2 Manfred Eisenbeis et al., MOSAIK. Handbuch für die Gestaltung von Bildschirmtext (Nürnberg, 1985). In a close consideration of the interactive media-connected screen text, the publication concentrates on three fundamental features: the variety of content and range of applications, the mass-media character and the importance of a qualified visual presentation of information as prerequisite of information and communication performance. All content areas are already systematically introduced: economy, media, science, e-learning, entertainment, art and culture.
3 Manfred Eisenbeis and Heide Hagebölling (eds.), Synthesis – Visual Arts in the Electronic Culture (Hochschule für Gestaltung Offenbach, 1989). This publication came about as part of an international UNESCO colloquium. It deals with the relationship between the creative disciplines and new technologies in aspects of education (electronic academy), the artistic process (electronic art and creativity) and the publication (the electronic museum) and already anticipates numerous current conceptions and approaches to this complex theme.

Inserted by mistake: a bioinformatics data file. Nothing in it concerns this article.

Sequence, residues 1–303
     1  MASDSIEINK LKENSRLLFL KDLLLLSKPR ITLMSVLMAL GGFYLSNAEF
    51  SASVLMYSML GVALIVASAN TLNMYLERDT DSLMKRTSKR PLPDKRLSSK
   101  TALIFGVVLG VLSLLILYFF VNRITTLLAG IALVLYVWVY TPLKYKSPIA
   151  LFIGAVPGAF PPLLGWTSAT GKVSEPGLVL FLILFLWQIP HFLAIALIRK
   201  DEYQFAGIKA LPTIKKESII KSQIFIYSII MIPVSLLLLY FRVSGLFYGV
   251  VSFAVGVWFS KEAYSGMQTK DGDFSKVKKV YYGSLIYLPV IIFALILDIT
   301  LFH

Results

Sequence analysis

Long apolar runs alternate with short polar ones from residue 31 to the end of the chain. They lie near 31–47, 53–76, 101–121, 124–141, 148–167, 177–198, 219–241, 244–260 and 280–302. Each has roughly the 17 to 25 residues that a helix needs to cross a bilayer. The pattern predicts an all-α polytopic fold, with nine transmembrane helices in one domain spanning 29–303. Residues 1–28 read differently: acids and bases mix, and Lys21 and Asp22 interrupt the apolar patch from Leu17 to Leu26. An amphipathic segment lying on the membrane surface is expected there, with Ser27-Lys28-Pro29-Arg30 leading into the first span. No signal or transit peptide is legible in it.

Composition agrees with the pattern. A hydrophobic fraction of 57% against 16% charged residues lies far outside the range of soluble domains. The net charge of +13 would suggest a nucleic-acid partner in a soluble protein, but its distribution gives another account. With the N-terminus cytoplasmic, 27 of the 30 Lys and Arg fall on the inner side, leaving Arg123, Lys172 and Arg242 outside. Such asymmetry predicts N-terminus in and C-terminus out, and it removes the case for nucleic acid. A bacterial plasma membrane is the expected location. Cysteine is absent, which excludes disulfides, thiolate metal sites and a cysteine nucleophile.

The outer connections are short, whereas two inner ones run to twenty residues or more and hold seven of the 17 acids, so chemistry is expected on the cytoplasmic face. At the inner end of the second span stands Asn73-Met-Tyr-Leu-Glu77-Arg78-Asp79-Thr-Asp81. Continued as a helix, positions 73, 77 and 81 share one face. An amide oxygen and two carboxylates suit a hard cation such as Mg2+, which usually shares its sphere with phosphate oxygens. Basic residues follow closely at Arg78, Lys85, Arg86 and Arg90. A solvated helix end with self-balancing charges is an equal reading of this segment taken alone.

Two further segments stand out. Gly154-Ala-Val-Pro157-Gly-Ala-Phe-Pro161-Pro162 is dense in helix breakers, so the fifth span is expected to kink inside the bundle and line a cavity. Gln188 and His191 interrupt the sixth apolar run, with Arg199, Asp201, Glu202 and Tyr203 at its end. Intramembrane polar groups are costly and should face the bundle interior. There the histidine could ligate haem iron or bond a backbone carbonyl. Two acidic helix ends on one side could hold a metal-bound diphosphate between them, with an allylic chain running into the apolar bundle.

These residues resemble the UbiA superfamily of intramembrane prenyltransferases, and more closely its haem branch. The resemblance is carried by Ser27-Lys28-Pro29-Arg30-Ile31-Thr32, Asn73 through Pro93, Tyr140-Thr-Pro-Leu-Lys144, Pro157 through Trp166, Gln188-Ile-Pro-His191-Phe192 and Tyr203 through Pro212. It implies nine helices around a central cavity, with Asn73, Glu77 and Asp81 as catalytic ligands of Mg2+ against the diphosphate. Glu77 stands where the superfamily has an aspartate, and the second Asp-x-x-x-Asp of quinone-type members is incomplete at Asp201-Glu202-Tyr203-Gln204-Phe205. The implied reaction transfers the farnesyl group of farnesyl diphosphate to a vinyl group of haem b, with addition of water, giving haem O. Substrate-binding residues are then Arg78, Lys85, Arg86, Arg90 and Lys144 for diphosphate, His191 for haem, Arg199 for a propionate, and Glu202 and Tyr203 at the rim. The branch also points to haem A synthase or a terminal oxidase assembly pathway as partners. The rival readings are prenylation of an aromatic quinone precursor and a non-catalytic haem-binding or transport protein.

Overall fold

Steina Vasulka and Woody Vasulka: http://www.vasulka.org gives an overview of their artistic installations and experiments, including their use of the LaserDisc.
4 Heide Hagebölling (ed.), Interactive Dramaturgies: New Approaches in Multimedia Content and Design (Heidelberg, London, New York, 2004). The publication deals with new forms of dramaturgy in terms of interactive works from film or video to exhibition. Titus Leber, John Sanborn and Chris Hales, among others, present their approaches in detailed articles.
The complex interactive Mozart DVD by Titus Leber is depicted in detail at http://www.mozartinteractive.com
5 Chris Hales, Interactive Movies PhD thesis (University of East London, Smart Lab, 2006).
6 David Streitfeld, A web of lies. The dramaturgic methods of John Sanborn’s webisode “Paul is Dead” were depicted in detail at http://www.washingtonpost.com from August 9, 1997. The very successful story integrates the conditions of the medium as well as communicational and usage behaviour as a structural feature. A model that has surely lost none of its topicality, also for interactive narratives with hybrid media
Alex Cohen, Paul is Dead. Alex Cohen described the content and structure of the webisode on the website http://www.wired.com from April 1998.